You have to admire the work of dedicated modders, really; putting in a significant amount of work to a free add-on for a popular game and not expecting anything in return is the very definition of "doing it for the love."
And there have been some truly impressive mods over the years, too, for a wide variety of games; it's a long and proud tradition that extends back to the earliest days of PC gaming. Hell, I even made $200 for making some Wolfenstein levels one time after a random encounter with a guy on CompuServe's Gamers' Forum. (Ah, GO GAMERS, how you are missed.)
One of the most impressive mods there has ever been is the ambitious Black Mesa project, which aims to remake the entirety of the original Half-Life with more up-to-date graphics, physics and other goodies. Valve had already released a Source Engine version of the original Half-Life, of course, but this didn't upgrade any of the visual assets, just the engine; Black Mesa is a complete remake based on the very latest version of Source.
Black Mesa's free incarnation was one of the first ever games to be accepted through Valve's Greenlight program, but the original intention was only ever to release it as a free download -- it is a mod, after all, based extensively on a game that is already commercially available. However, things took an interesting twist yesterday with this update from the developers, who confirmed that Black Mesa would be coming to Steam as a full commercial product at a "relatively low price."
"We never developed Black Mesa with money in mind," developer "Comrade Badger" wrote. "Our team is made up of average, hardworking people, and no-one joined the team to make money. For us, Black Mesa is purely a labor of love. We believe this philosophy has significantly contributed to the overall quality and feel of the game."
There are two main reasons why the team has decided to accept Valve's offer of selling Black Mesa as a standalone product on Steam: firstly, they believe it will provide the opportunity to make the game better by having full access to the very latest version of the Source engine, allowing them to directly fix limitations rather than having to work around them. Secondly, they admit, they could use the money.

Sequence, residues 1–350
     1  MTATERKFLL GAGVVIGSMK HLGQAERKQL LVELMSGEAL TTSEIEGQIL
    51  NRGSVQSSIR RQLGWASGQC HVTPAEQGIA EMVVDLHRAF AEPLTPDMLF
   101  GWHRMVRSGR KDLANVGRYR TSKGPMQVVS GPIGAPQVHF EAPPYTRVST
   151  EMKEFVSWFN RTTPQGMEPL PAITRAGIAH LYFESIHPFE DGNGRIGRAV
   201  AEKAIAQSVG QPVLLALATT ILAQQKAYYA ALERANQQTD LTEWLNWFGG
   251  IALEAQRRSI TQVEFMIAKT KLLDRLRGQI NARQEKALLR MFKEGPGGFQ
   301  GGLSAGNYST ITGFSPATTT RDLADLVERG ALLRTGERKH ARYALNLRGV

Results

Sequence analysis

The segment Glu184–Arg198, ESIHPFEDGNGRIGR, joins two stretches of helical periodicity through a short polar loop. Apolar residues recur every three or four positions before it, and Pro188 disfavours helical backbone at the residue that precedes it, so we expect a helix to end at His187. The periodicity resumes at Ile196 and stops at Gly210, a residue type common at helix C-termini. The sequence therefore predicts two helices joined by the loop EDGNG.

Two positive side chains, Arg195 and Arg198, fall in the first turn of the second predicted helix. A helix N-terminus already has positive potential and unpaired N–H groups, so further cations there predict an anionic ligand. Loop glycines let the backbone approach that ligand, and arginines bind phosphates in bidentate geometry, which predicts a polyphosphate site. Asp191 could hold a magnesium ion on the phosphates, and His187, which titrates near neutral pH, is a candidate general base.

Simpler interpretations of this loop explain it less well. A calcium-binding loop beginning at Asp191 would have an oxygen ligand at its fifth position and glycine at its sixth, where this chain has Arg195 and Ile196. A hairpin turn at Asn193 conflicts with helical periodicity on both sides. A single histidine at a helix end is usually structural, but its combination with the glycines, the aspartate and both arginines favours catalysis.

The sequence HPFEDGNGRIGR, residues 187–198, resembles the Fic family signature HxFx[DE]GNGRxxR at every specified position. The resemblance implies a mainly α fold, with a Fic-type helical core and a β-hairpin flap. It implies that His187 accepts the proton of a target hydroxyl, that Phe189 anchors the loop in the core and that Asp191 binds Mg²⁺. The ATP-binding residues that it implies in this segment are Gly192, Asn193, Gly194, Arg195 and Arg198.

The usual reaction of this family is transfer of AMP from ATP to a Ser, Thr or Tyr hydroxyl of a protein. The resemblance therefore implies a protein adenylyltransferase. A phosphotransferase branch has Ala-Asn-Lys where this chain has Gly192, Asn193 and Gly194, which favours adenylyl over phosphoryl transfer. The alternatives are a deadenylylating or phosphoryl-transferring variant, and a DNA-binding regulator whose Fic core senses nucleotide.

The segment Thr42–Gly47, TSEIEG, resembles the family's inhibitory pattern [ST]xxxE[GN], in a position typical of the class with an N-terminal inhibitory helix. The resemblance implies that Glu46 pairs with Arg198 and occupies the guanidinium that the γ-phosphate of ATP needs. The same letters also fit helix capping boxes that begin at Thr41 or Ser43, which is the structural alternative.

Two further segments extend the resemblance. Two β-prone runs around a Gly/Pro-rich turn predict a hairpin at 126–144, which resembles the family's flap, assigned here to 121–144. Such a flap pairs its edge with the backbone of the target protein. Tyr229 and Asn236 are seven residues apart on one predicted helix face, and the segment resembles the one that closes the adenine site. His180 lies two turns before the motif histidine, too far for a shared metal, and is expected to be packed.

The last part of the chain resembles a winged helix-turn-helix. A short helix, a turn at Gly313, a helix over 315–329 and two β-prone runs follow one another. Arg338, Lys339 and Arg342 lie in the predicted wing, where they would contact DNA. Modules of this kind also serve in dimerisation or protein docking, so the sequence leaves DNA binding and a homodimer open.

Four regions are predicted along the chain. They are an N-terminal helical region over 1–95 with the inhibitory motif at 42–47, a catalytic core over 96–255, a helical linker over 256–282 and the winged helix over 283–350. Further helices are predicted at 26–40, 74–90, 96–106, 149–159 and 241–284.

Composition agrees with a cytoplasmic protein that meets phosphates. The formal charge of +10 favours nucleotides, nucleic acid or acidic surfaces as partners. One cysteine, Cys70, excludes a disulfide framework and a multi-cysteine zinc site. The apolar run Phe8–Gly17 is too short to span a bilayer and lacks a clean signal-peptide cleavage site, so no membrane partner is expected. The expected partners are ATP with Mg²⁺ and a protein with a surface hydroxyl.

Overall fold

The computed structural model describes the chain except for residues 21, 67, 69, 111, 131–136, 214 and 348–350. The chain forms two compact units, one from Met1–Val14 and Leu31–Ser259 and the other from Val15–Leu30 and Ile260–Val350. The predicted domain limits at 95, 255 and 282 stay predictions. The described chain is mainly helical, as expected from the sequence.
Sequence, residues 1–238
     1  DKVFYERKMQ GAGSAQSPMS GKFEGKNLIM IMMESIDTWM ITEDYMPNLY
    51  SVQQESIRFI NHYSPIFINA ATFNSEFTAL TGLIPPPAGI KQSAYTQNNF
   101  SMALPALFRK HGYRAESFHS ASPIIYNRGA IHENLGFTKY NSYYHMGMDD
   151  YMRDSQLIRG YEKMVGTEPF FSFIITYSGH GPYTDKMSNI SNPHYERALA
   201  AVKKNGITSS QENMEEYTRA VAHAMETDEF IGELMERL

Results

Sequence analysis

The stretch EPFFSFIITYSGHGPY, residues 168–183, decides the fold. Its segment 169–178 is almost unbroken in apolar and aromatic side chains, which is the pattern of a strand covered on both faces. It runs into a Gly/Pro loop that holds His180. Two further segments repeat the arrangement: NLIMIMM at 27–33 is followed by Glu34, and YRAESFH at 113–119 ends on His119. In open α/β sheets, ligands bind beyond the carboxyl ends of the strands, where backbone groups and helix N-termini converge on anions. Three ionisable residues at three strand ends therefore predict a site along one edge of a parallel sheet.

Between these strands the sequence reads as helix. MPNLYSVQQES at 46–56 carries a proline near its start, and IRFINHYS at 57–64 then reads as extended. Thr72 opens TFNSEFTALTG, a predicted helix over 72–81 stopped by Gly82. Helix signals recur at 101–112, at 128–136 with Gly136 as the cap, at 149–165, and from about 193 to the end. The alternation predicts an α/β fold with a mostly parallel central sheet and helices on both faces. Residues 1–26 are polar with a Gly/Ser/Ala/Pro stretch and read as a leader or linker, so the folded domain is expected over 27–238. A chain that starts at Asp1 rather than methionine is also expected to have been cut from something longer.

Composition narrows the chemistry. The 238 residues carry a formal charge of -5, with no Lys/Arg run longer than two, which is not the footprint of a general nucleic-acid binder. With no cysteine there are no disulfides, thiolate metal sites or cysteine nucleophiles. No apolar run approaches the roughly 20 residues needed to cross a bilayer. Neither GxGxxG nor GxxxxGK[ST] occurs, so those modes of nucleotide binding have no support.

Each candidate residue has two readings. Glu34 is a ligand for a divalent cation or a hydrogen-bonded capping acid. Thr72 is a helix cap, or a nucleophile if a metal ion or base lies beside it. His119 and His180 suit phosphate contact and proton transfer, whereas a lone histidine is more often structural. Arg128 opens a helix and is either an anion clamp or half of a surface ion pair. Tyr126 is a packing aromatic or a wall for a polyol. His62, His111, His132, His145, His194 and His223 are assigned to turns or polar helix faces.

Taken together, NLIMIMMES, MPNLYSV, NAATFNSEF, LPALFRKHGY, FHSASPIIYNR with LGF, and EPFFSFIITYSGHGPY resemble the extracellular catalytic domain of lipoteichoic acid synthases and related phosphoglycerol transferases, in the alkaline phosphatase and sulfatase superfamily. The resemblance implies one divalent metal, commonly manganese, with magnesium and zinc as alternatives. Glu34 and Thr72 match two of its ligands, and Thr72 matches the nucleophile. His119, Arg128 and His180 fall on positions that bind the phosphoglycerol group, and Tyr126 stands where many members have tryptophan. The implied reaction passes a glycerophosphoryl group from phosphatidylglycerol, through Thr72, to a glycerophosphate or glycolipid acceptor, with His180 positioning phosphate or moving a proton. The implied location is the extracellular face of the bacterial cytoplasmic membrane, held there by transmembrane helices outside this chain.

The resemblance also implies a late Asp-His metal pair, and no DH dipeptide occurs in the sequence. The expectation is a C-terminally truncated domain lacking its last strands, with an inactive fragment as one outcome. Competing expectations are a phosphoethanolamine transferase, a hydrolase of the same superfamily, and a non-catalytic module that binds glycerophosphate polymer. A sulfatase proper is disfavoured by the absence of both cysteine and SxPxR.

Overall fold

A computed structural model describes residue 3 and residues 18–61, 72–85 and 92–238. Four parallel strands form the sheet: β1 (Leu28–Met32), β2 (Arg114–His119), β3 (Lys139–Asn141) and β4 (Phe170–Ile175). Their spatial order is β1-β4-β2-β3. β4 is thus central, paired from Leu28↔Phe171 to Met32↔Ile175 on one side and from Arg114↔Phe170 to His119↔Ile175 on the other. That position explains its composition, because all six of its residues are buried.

"Purchasing the Steam version of Black Mesa is more about supporting the team and our efforts than anything else," continues the announcement. "However, the Steam version will include features that the free version simply cannot have. We will be paying careful attention to feedback, and you'll have a very real say in how the final game turns out."
There's still work to do, though. Although the current free version of Black Mesa already includes most of Half-Life, it does not yet include the oft-derided ending portion on the alien planet of Xen. The team is keen to do a good job on remaking Xen and turning it into a "stunning and worthy conclusion" to Black Mesa, but it'll be a while before it's ready. In the meantime, the plan in the short term is to release the paid version of Black Mesa on Steam without the Xen portion, and add smaller "interesting additions" to the game prior to the major update that concludes the game.
Black Mesa going commercial doesn't mean you need to go and frantically download the free version before it disappears, however; the team still intends to support it, and will release a new free version of the game around the same time as the premium Steam version. Not only that, but they're planning on open-sourcing the maps and some of the game assets to the modding community, which means the game has the potential to grow and evolve over time through community input, much like Valve's various Source games have.
There's no firm release date set for Black Mesa on Steam yet, but we can apparently expect it "soon." Keep an eye on the Greenlight page for the latest news.
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